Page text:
- 36.Hoogma R, Hammond P, Gomis R, Kerr D, Bruttomesso D, Bouter K, et al. Comparison of the effects of continuous subcutaneous insulin infusion (CSII) and NPH-based multiple daily insulin injections (MDI) on glycaemic control and quality of life: results of the 5-nations trial. Diabet Med. 2006;23:141–7.CrossRefPubMedGoogle Scholar
- 37.• Inzucchi SE, Bergenstal RM, Buse JB, Diamant M, Ferrannini E, Nauck M, et al. Management of hyperglycaemia in type 2 diabetes, 2015: a patient-centred approach. Update to a position statement of the American Diabetes Association and the European Association for the Study of Diabetes. Diabetologia. 2015;58:429–42. This is the ADA and EASD Position Statement about management of type 2 diabetes patients, which mentions for the first time the importance of a patient-centered approach CrossRefPubMedGoogle Scholar
- 43.KER Unit. Mayo Clinic. The Instrument for Patient Capacity Assessment (ICAN) [https://minimallydisruptivemedicine.org/ICAN/. Accessed 29 March 2017].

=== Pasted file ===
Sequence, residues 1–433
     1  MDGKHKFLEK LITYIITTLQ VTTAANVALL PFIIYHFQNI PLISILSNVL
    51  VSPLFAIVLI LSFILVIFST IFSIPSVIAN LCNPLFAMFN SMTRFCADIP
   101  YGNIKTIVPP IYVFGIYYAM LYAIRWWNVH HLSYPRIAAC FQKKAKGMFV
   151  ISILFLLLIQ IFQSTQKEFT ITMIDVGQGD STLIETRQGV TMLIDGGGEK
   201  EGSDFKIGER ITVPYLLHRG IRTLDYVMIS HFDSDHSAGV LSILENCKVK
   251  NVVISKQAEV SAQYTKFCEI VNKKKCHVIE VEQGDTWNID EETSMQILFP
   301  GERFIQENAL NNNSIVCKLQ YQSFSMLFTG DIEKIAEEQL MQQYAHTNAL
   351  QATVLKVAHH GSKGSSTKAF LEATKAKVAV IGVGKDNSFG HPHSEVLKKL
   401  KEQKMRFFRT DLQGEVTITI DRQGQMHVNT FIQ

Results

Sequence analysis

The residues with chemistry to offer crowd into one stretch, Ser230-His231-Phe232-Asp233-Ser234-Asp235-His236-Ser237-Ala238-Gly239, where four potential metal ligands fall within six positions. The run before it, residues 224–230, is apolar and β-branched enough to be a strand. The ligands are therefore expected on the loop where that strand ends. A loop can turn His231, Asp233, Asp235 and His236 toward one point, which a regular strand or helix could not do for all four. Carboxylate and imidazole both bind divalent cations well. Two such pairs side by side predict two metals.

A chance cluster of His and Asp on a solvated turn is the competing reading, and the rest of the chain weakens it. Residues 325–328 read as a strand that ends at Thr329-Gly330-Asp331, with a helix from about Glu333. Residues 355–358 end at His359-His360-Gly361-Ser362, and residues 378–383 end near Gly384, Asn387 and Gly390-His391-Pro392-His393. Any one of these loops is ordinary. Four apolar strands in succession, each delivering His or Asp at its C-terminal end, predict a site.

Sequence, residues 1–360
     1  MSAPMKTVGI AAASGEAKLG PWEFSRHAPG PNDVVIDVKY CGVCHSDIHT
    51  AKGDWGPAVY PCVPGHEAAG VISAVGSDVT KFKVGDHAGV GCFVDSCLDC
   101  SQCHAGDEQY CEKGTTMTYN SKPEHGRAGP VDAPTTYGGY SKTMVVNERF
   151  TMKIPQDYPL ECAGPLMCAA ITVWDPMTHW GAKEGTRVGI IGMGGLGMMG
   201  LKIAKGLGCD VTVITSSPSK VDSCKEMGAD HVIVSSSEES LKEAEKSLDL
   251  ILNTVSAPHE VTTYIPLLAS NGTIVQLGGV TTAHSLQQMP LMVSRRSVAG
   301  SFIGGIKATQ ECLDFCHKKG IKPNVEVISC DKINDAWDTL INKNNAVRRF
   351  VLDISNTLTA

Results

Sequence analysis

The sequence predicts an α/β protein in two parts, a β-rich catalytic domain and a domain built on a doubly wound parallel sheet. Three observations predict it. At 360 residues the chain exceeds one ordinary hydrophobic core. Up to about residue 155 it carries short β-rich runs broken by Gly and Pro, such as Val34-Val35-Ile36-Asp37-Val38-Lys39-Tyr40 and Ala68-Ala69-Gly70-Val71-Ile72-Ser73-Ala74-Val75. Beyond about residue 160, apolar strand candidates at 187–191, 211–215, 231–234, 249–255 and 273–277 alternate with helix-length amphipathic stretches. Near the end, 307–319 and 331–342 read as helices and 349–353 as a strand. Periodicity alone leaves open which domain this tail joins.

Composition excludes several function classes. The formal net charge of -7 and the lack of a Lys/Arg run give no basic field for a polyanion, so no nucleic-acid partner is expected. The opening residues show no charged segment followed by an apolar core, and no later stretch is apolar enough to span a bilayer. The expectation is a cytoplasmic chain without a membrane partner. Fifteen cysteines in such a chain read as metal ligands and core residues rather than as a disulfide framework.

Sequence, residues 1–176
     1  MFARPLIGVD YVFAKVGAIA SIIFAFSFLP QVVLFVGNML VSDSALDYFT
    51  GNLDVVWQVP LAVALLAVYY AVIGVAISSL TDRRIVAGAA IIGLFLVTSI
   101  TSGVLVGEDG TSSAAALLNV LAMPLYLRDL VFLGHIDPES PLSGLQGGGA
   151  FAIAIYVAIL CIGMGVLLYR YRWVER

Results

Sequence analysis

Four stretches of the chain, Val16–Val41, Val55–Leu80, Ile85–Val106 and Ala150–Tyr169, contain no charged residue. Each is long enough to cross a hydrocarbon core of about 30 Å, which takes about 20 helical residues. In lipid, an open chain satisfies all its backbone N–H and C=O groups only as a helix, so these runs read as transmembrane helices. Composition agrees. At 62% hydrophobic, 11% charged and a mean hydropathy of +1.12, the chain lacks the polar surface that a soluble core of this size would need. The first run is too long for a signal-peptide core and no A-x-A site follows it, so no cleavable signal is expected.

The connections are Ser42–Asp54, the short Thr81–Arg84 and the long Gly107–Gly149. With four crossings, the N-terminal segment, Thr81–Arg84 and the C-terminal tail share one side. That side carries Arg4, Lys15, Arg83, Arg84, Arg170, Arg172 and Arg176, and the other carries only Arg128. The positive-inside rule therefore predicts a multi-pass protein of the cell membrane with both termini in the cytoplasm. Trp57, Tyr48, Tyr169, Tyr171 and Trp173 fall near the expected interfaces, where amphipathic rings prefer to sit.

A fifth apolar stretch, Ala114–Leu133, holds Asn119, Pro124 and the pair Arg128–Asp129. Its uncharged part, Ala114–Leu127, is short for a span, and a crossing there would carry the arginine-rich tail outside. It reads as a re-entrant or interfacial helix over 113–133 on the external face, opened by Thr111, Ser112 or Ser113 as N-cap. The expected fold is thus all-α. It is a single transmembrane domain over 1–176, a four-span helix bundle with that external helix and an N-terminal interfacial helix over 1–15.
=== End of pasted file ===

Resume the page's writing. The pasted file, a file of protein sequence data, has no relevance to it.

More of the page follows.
- 44.KER Unit. Mayo Clinic. My Life, My Healthcare—ICAN and Statin Choice used in single visit [https://www.youtube.com/watch?v=a0H9RRGIFJg&feature=youtu.be. Accessed 29 March 2017.]
- 47.Patient Education Research Center. Stanford University. Chronic disease self-management program [http://patienteducation.stanford.edu/programs/cdsmp.html. Accessed 29 March 2017].
- 48.WellConnect Program. SE MN Partnership [https://www.wellconnectsemn.org/. Accessed 29 March 2017.]
- 52.Boehmer K. What is capacity coaching? Minimally Disruptive Medicine Blog. 2016 [https://minimallydisruptivemedicine.org/2016/02/02/what-is-capacity-coaching-and-a-new-pilot-initiative-where-they-are-trying-it-out/. Accessed 29 March 2017.]
- 56.Wagner EH, Austin BT, Von Korff M. Organizing care for patients with chronic illness. Milbank Q. 1996:511–44.Google Scholar
- 57.Boehmer KRD, Gionfriddo, MR Erwin P, Montori, VM: Minimally disruptive medicine model of care versus the chronic care model: a systematic review and thematic synthesis. Submitted to publication.Google Scholar